Mentoring food entrepreneurs | July 24, 2013 | Almanac | Almanac Online |


Community - July 24, 2013

Mentoring food entrepreneurs

Woodside's Chris Cornyn mentors contestants on new TV show

by Jane Knoerle

Have what it takes to be the next Mrs. Fields or Orville Redenbacher? Then you may be a Supermarket Superstar. That's the premise of Lifetime television's new competition show appearing for the next nine weeks at 10 p.m. Monday nights.

"Supermarket Superstar" premiered July 22, with Chris Cornyn of Woodside as one of three mentors helping home chefs prepare their products for mass production. Celebrity chef Michael Chiarello and cookie mogul Debbi Fields of Mrs. Fields Cookies are the other mentors. Actress and model Stacy Keibler is host.

Each one-hour episode of "Supermarket Superstar" follows three home chefs as they pitch their product idea. After one contestant is eliminated, the remaining two go before a supermarket buyer for the Great Atlantic & Pacific Tea Company (A&P), who determines the winner of each episode.

The winner receives $10,000 in prize money and $100,000 worth of product development advice from Mr. Conryn's food marketing company, called DINE.

On the show's finale, three winners from the season will be invited back to compete for the grand prize by presenting their product to A&P CEO Sam Martin, with the winner securing a place on the supermarkets' shelves.

Mr. Cornyn was recruited for the show in May 2012 by its producers, the Weinstein Company ("Project Runway") and All3Media America ("Undercover Boss"). "I just got a phone call one day," he says. "I think they found me on Google."

A food-branding executive, Mr. Cornyn is the founder of DINE, a food and drink marketing and advertising agency. In 2011, he sold the company to Mattson, known for creating new food products, but continues as DINE's president. He commutes from his home in Woodside to Foster City.

Shooting for the TV show took place in January 2013. "We filmed for more than three weeks, working from 6 a.m. to midnight," he says. All the action took place on sets constructed in the studio. There was "great chemistry" between the participants and very little of the dialogue was scripted, he says.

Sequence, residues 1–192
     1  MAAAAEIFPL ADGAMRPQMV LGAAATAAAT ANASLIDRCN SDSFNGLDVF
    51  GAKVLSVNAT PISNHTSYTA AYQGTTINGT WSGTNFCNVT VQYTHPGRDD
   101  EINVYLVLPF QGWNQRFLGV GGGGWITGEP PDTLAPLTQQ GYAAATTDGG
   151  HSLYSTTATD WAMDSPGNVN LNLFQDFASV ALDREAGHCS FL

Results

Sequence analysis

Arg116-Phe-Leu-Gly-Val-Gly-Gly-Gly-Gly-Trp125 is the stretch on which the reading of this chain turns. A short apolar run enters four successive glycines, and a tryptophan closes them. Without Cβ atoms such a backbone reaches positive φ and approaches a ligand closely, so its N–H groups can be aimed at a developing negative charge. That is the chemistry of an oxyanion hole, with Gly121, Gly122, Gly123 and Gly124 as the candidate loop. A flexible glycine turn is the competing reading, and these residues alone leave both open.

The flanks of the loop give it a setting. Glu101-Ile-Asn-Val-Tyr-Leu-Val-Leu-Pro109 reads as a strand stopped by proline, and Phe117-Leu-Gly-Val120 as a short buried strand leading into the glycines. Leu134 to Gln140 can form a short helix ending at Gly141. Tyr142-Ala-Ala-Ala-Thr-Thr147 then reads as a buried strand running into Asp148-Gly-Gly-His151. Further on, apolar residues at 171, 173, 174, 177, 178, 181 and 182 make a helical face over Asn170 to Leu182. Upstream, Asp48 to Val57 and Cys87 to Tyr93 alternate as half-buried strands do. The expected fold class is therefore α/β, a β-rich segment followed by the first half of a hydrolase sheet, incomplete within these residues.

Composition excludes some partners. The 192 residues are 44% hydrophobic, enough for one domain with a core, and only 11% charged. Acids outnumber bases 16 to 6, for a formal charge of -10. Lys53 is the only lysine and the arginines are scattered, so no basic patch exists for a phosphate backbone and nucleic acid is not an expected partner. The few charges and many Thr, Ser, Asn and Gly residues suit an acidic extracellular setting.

Of course, he knows who the final winner is, but it's a deep, dark secret until the last show airs.

The would-be food entrepreneurs were recruited through casting calls throughout the country. Candidates turned out to be "everybody from grandmas to college-age kids passionate about their product," he says. Each episode featured a single category, such as cakes, ethnic food, or barbecue.

The first show category was cakes. Three products were featured: a "buzz-cake" containing alcohol, a cookie-cupcake, and peach cobbler. After hearing the critics' opinion of his product, the "buzz-cake" candidate decided to drop out. Of the remaining two, the A&P buyer chose peach cobbler as the winning product. On the mentors' advice, it was changed from a shelf to a frozen item.

"We really did try to mentor these people," says Mr. Cornyn. "We wanted to give them the tools to go into business." He sees the program appealing to a large audience. "After all, everybody goes to the supermarket, but they don't know how those products get there."

The average supermarket carries 50,000 items, however, nine out of 10 new products fail, even if they make it to the shelf, he says.

Back home in Woodside with his wife, Robyn, and kids Kate, 8, and Shay, 6, Mr. Cornyn reflects on his foray into show business. "I consider it a great experience," he says. "I learned so much."


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